Whether for business or for pleasure, the majority of Americans take to the friendly skies at some point in their lives. But many find that travel rules and regulations aren’t always so pleasant. While it may not be enjoyable to be told you can’t use your mobile phone during the first part of your flight or that you need to stop reclining your seat during the landing process, most of the rules you’ll run into during airline travel are in place for more than simple etiquette. Here are the real reasons behind some of the rules you might be inclined to break when traveling via air.
Why Those ‘Arbitrary’ Airline Rules Might Actually Make More Sense Than You Think
RULE: Don’t store batteries or electronic devices in checked luggage.
In 2011, there were 224,475 active general aviation craft in the United States. While the threat of terrorism was very much at the forefront of airline safety during that time, there are now other risks to consider. One of those risks is packing extra batteries or electronic gadgets in one’s checked bag. Although these actions come with an increased risk of fires caused by lithium batteries, one recent survey found that passengers are choosing to ignore the warnings and pack these items anyway. Whether it’s pure ignorance or total defiance is a bit of a mystery, but the International Air Transport Association notes that non-compliance is at an all-time high. If you’re planning to fly domestically or internationally, keep in mind that you can put your electronic devices in your carry-on or in your personal item. Just don’t pack them away where they could potentially explode mid-flight.
RULE: Don’t use your phone during the flight.
Many airlines have eased up on this rule nowadays, but it still may present a safety concern. There’s nothing definitive to prove that cell phones interfere with a plane’s navigation equipment, but there’s also nothing to say that they definitely don’t, either. Europe’s version of the FAA has said that electronic devices aren’t a hazard, but the FAA in the U.S. still prohibits voice calls during flights. The FCC’s rules on the matter were put in place two decades ago. Passengers are supposed to put their devices on airplane mode (and even turn them off after that, in some cases). But the majority of passengers might not even do that. While there are some disagreements about whether or not a phone could cause signal interference, it’s probably better to be safe than sorry. And really, it wouldn’t kill you to give your cell phone battery a break. Plus, considering that there are 25,000 germs on every square inch of your mobile device, you might boost your immunity by keeping your phone off and stowed away.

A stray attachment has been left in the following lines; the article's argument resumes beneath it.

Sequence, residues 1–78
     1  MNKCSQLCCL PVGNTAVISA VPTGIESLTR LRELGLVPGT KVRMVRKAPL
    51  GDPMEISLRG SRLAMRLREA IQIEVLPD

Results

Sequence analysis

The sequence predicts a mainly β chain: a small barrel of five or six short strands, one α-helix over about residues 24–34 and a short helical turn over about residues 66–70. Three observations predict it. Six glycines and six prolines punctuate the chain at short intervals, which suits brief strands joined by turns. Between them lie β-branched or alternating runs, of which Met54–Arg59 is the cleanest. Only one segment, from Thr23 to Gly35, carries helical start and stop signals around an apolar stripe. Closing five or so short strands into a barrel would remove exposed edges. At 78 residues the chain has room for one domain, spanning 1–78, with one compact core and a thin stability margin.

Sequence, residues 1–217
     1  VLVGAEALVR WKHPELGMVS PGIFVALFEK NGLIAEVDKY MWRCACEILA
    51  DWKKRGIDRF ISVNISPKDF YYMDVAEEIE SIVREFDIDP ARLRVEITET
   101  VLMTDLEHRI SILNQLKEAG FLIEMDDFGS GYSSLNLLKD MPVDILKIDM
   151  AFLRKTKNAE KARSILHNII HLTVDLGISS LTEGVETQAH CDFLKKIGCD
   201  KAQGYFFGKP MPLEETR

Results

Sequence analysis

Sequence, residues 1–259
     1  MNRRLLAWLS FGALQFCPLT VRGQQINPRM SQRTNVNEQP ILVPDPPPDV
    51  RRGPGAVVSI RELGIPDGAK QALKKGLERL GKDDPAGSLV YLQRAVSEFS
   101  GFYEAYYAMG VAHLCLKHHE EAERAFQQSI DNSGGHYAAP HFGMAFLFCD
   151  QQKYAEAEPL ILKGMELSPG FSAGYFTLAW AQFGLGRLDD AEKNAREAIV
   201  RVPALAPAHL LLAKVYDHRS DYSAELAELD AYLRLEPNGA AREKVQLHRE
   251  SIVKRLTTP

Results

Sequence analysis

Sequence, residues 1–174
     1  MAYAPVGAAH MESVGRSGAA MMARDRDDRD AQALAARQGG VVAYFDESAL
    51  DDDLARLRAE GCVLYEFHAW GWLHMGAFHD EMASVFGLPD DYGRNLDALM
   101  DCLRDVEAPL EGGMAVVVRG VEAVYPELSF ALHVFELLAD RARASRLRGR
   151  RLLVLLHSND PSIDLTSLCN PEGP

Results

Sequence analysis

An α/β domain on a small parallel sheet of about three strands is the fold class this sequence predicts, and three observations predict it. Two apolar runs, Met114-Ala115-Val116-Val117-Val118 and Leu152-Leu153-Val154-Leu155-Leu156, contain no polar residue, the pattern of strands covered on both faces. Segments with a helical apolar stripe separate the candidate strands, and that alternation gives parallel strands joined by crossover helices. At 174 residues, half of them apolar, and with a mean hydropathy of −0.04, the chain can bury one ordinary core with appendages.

RULE: No electronics use at certain times.
There are a couple of reasons for this. Devices like iPods contain a microprocessor which emits some kind of radio energy — and that could interfere with the plane. But another reason why you can’t use your electronic devices during takeoff or landing is because of the distraction they provide. You can’t pay attention to the safety regulations or instructions from your flight crew if you’re listening to tunes or watching in-flight entertainment. That’s actually why the flight movies and TV shows will switch off during landing. Statistics show that your rate of survival in the event of a crash decreases dramatically after the first 90 seconds. That means the crew wants you to pay attention and make sure everyone can get out safely, should the worst occur.
RULE: Keep seats and tray tables upright and locked.
For one thing, it’s good manners to make sure your seat is upright whenever possible. Though 17% of airline passengers prefer to sleep on flights, it can be a problem for the people sitting behind you (particularly when drinks and meals are served). But another reason your tray tables, seats, and window shades need to be in a certain position is for safety. In the event of an emergency evacuation, the person in the window seat needs to be able to exit and the crew needs to be able to see outside. Seats and tray tables that aren’t properly positioned can create obstacles in an emergency.
Next time you fly, you might want to take out your earbuds and follow the instructions of airline personnel. While you may not want to sit through the safety presentation and would rather text at 10,000 feet, these “arbitrary” rules are really intended to keep passengers safe. You could probably stand to have a mini digital detox, anyway.